Processed foods are often nutrient-poor and can contain trans-fats, which have been linked to cardiovascular disease. We should consume natural, whole foods that support our bodies’ natural biological and physiological processes, rather than foods that have been mechanically altered in a factory. If your grandmother or great-grandmother would not recognize a certain food or ingredient, it’s probably no good! When grocery shopping, keep to the perimeter of the store; fruits, vegetables, meat, and seafood can be found in this area. The only foods to avoid in the perimeter of the store are those pesky bakery items, which always seem to be coming out of the oven as soon as I enter the store!
Focus on quality, sustainably raised meats and seafood
The chicken at your local grocery store has little in common, nutritionally, with the chicken our ancient ancestors were eating. Unfortunately, the majority of meat found in the supermarket has been raised in concentrated animal feeding operations (“CAFOs”). In order to cheaply and quickly produce meat, CAFOs raise and feed animals in environments that vastly differ from the animals’ natural habitats. Instead of grazing on grass, cows are now fed corn, grains, and antibiotics in an attempt to quickly fatten them for slaughter. As a result, the nutrient profile of CAFO meat differs from the nutrient profile of properly raised, pastured animals. For example, grass-fed beef has a more favorable ratio of omega-3 to omega-6 fatty acids compared to CAFO beef. When possible, choose local, pasture raised meats and wild caught seafood for their superior nutrient profile.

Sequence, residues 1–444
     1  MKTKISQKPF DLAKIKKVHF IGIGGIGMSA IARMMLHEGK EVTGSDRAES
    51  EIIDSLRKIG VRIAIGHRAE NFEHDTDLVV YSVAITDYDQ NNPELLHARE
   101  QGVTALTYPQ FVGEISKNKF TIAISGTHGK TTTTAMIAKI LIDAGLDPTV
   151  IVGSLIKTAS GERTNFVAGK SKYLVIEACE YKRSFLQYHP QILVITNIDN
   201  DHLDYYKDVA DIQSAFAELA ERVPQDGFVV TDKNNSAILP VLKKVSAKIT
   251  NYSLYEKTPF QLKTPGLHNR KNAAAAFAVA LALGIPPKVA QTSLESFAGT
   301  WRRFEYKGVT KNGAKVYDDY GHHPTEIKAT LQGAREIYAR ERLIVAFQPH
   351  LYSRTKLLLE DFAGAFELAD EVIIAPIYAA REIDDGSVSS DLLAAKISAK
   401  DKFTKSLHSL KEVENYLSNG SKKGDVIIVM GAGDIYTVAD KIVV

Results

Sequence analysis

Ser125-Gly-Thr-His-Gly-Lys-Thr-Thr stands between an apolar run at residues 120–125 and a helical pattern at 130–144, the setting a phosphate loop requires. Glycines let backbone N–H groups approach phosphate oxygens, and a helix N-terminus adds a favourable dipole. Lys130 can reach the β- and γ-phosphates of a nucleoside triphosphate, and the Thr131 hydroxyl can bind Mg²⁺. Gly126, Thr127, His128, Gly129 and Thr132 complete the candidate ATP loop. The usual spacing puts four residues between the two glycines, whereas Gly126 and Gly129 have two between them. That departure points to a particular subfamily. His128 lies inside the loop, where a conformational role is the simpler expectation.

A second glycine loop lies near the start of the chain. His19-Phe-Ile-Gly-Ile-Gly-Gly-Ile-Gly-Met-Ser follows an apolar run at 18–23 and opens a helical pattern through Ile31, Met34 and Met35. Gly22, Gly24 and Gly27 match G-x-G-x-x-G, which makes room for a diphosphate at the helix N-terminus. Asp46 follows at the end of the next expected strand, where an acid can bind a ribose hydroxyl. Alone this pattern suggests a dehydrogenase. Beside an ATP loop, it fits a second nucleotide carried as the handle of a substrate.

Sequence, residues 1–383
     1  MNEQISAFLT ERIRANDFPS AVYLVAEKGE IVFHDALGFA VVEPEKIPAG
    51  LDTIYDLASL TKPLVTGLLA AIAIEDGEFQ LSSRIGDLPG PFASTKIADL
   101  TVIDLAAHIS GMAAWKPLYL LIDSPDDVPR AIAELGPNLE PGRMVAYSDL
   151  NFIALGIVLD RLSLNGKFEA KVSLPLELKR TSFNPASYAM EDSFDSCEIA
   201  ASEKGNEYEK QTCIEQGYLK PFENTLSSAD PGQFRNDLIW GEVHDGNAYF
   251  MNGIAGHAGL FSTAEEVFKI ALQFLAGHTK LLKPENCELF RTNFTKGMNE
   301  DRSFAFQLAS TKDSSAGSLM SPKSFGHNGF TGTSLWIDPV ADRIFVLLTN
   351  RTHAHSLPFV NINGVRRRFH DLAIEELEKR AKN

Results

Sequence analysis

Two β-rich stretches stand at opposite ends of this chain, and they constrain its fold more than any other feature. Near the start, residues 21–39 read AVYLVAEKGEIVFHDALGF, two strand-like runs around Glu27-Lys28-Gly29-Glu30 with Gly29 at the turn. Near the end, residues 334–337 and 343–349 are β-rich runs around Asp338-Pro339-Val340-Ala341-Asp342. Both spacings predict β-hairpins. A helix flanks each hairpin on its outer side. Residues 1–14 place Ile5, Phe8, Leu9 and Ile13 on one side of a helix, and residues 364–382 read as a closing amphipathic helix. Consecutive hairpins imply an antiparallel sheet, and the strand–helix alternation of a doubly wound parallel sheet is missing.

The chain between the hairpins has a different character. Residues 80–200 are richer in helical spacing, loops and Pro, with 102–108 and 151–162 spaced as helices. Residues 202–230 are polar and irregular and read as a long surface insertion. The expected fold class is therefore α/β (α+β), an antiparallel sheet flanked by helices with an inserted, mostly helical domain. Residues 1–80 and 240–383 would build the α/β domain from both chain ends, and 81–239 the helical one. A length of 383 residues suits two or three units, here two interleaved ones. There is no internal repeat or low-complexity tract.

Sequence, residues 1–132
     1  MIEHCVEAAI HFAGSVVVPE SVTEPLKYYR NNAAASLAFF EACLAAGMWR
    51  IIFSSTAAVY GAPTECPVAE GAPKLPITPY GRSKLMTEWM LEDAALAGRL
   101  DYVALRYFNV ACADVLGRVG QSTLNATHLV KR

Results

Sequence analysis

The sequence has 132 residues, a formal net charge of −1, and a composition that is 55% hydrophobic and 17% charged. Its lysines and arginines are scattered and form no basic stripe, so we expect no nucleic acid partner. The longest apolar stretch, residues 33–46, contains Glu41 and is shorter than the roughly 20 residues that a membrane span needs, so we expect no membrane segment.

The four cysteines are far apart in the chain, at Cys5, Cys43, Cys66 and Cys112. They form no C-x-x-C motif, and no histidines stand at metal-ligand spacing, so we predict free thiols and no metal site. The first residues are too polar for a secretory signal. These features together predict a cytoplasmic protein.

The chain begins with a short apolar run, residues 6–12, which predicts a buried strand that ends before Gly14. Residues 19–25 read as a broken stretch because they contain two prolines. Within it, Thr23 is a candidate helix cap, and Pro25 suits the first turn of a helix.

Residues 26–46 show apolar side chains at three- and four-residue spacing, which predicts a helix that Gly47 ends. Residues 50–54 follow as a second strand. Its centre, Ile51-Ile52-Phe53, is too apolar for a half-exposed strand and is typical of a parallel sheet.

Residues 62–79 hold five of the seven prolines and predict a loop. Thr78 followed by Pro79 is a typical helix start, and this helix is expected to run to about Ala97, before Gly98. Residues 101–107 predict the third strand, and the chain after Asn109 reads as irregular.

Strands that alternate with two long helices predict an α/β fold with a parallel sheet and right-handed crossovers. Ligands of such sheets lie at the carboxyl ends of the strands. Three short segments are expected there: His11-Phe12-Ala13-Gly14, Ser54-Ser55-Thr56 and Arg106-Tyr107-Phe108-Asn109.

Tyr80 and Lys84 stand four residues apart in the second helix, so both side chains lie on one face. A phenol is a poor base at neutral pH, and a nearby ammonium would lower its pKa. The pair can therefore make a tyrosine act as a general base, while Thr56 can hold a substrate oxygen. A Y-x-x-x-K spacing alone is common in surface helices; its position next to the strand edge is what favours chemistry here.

Fat is your friend!
Arguably one of the greatest nutritional mistakes of the past century was the recommendation of a “low-fat, fat-free” diet approach. When we remove naturally occurring fats in foods, we have to replace them with something else. More times than naught, fat is replaced with sugar, artificial sweeteners, or hydrogenated oils, none of which will help you achieve optimal health. Healthy fats – such as those found in coconut, avocado, well-raised meats, eggs, fish, nuts, and seeds – are satiating and nourishing! Furthermore, healthy fats are needed to support brain health, skin health, and cognitive function. A 2010 meta-analysis in the American Journal of Clinical Nutrition concluded that there is no significant evidence that intake of saturated fat is associated with an increased risk of heart disease. It’s time we reclaim our health by embracing – rather than fearing – the healthy, natural fats found in foods such as eggs, nuts, avocados, coconut, meats, and fish!